“We must go ahead,” said Lucas. “Our errand here is brief and then we will leave.”

“You are not dead, nor are you guardians of the dead. Go back.”

“We are initiates. We have passed seven gates and returned. Let us pass.”

“Go back,” the bull-man said.

Third time, Sam thought. Now it’s going to happen.

It did. The bull-man lowered its head and charged at Lucas, but as it did a tall four-winged figure appeared in the way, dazzlingly bright and armed with a mace wreathed in fire. The bull-man gave an angry bellow and crashed into the shedu, trying to knock it aside. The shedu ignored the impact, and swung its fiery mace almost as an afterthought. The blow knocked the bull-man across the street.

“Come on!” said Lucas. Sam hurried after him.

As the shedu swatted the bull-man again it called to Lucas.

“My service to you is done for all time, mortal man.”

“You owe me a replacement,” said Lucas to Sam. “Binding that shedu took me weeks of work.”

Another indeterminate walk down the sidewalk brought them to a large open square, where more than a dozen bird-headed anzu lounged in ones and twos scattered around the edges. Some of them looked up when the two human wizards entered.

The carpet swatch tugged Sam to the right, and he and Lucas walked toward a pair of anzu sitting together as they passed a copper bowl of beer back and forth. The two creatures looked up as the men approached, but did not stand. All the other anzu around the square were starting to drift toward the humans.

Sam’s mind was a mix of rage and terror. He knew exactly which of the two anzu before him had been the one that came to his house, and he hated it — but the memory of how it had thrown him aside was strong, and the idea of being surrounded by a dozen of the creatures was like discovering a whole school of sharks circling him in the ocean.

Lucas showed no sign of anxiety. He raised his voice and spoke a few words, and the approaching anzu stopped. Then he addressed himself to the one which was still drawing the carpet swatch in Sam’s outstretched hand like a magnet. “You. Woman-slayer. We seek the answer to a question.”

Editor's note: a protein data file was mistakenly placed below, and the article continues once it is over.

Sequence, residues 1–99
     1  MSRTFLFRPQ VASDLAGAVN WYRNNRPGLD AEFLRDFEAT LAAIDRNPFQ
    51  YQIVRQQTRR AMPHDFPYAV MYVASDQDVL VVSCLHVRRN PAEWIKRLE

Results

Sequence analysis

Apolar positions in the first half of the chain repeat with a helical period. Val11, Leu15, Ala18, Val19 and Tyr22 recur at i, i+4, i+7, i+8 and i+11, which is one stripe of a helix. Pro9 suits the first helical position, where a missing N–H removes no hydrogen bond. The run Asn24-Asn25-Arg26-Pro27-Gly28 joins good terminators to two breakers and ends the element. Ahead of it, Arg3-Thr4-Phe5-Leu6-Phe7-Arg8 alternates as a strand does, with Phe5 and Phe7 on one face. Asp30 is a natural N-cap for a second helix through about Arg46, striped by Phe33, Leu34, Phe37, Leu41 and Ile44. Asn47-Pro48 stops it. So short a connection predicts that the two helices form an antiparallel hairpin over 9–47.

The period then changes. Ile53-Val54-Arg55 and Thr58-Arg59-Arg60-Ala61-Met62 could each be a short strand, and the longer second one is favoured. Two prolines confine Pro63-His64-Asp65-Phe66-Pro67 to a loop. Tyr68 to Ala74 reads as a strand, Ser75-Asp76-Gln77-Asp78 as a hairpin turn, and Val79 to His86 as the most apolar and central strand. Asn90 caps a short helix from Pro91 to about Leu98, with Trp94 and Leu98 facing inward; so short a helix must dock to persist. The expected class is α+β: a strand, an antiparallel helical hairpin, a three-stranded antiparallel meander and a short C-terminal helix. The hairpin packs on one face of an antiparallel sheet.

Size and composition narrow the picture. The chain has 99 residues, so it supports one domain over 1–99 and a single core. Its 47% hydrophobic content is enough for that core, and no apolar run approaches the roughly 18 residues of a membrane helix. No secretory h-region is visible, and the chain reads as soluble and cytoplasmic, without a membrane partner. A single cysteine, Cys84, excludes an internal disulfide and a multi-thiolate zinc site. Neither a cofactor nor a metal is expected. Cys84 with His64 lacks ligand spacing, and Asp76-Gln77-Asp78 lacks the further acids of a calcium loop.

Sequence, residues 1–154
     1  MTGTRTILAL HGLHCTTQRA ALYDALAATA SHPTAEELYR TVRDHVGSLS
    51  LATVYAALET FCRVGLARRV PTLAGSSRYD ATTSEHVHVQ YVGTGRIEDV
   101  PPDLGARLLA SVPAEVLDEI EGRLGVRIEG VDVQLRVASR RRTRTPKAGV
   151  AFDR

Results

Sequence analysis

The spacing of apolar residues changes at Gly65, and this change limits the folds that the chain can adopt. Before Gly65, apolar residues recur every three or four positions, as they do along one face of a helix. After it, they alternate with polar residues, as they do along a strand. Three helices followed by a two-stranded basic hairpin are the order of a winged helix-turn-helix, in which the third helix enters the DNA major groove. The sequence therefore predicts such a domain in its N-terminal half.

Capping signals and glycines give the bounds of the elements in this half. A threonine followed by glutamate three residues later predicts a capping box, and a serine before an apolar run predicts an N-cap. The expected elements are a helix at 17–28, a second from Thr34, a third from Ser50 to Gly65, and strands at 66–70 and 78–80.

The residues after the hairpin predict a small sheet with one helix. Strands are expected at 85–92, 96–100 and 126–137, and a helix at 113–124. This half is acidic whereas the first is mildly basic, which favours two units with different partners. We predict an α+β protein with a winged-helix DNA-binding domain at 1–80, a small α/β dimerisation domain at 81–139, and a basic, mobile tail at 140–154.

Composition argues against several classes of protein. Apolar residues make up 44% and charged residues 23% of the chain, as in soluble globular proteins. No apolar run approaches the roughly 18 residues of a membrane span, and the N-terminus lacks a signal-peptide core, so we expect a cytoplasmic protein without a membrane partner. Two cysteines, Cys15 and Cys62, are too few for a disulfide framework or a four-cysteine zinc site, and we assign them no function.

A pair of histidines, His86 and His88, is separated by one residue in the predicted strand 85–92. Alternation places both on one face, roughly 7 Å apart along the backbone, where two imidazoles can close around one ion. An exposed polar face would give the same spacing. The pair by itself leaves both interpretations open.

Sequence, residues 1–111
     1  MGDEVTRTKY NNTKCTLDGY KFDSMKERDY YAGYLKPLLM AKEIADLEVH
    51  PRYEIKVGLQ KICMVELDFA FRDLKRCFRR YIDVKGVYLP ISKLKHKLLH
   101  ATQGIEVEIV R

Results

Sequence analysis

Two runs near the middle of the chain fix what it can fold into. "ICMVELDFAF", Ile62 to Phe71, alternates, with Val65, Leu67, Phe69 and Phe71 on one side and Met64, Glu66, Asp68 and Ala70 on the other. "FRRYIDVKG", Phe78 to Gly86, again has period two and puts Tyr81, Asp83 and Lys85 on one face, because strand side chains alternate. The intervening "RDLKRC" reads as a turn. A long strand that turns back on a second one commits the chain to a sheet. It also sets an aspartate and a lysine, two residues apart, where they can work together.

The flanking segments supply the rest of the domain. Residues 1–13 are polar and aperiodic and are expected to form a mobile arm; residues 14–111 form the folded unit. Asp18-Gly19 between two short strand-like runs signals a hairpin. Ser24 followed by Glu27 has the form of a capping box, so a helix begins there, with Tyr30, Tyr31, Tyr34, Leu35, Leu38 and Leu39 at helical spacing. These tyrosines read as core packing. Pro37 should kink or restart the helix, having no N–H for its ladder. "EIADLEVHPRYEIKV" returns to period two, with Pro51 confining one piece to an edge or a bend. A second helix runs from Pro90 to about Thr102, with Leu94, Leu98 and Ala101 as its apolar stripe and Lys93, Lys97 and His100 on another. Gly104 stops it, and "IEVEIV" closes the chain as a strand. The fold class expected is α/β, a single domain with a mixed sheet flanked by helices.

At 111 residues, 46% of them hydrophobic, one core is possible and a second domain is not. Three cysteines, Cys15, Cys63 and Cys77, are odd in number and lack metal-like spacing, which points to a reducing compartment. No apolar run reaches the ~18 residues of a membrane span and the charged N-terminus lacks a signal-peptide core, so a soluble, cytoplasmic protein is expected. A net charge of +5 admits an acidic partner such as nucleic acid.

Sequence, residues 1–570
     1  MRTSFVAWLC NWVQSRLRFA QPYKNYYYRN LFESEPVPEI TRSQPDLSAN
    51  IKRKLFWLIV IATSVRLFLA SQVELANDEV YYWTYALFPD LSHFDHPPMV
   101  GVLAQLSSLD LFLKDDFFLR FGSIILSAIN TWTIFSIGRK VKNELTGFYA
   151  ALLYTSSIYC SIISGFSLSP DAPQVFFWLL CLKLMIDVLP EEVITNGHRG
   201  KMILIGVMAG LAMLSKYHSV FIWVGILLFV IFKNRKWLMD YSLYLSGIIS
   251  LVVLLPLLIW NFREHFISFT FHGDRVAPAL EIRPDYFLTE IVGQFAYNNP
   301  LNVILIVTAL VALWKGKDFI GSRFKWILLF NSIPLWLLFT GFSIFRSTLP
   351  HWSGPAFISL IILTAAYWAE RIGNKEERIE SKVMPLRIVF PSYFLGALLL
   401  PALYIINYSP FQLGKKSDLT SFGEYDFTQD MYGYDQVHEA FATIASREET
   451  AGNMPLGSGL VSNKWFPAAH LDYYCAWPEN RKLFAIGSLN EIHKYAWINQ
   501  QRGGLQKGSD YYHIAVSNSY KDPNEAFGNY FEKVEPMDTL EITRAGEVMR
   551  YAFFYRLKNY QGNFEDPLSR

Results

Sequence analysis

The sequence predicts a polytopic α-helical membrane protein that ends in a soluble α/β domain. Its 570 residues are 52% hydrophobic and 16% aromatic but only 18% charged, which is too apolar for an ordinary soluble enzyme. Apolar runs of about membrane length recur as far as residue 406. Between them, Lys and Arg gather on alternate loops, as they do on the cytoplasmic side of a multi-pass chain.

The seated anzu poured the last of the beer from the bowl into its upturned beak before replying. “I have no answers for you, mortal man.” Its voice was harsh and high pitched, almost like a baby’s cry.

Lucas took the carpet sample from Sam and said something in Sumerian which made the anzu flinch in pain. “Speak the words I require!”

The creature lunged and snapped at Lucas like a tethered dog, unable to get within a yard of him.

“Do as I ask and you shall have this token,” said Lucas, brandishing the carpet. “Resist and I shall cast it into everlasting fire.”

“Ask and I will answer as you command,” it said.

“Who sent you?” Sam asked, but Lucas put a hand on his chest to restrain him.

“Leave this to me; I know the proper forms,” he said. “You, woman-slayer — you went to the house of this man and shed the blood of his kin. We wish to know the reason. Speak as I have commanded!”

“A man bid me do it. One of the Wise. He gave me a flake of paint and told me to seek the house it came from. Slay all within but spare the oldest in years was my charge.”

“My companion wishes to know who gave the command.”

“I am bound not to tell. I cannot!”

Lucas turned to Sam. “This is an unexpected complication. I don’t think I can undo someone else’s binding, not without more time and preparation.” He turned back to the anzu. “Describe the one who bound you.”

“He used no name and wore a mask of feathers,” the anzu croaked. “He carried the blood of the bargain, as you do, but that is all I can say.

“Why? Did he tell you why?” Sam asked.

“He did not say why. Only bid me obey and then begone.”

“Where was it done? Where did he stand when he commanded you?”

“A place of dead men, near the house.”

Sam thought he knew which cemetery it meant. It didn’t matter; the mystery magician had done a good job of covering his tracks.

“I charge you to guard us from all harm until we have passed out of this place,” said Lucas. “When we pass the final gate you shall have this token. Not before.”

“Can’t you get its name?” asked Sam.

“Not a fair trade,” said Lucas. “That would give us even more power over it than the carpet. Be satisfied with safe passage.”

“But we haven’t learned anything!”

“Now is not the time.  This wild-goose chase has already cost me the service of a particularly difficult shedu.  I have no desire to have to fight our way out.”

Sam began to protest, but stopped. He had picked out only the most distinct claw marks in the rug. There were others. He could try this again, better prepared now that he knew what to expect.

The other anzu in the plaza parted to let them by, but they didn’t leave much room for the humans to pass and leaned in menacingly. Their guide led Sam and Lucas down a different street from the one by which they had entered, which made Sam suspicious.

“What if it’s leading us into a trap?” he murmured to Lucas.

“Then I shall have to use another bound servant, and you will owe me even more.”

As they made their way through the dim streets the anzu spoke up in its unhappy-baby voice. “That was a good night,” it said. “I got to leave this place and taste fresh blood. Send me forth again and I will slay all you wish.”

“Silence!” said Lucas, who actually sounded worried for the first time since they had boarded the subway car.

Privately Sam resolved to find out how to destroy a being like the anzu.  Whoever had sent it against his family would pay, oh yes. But he would not let the demon itself escape punishment, either. Lucas had spoken of casting the carpet piece into everlasting fire. Maybe he could learn to do that. Let this monster burn in agony forever. It would be a start, anyway.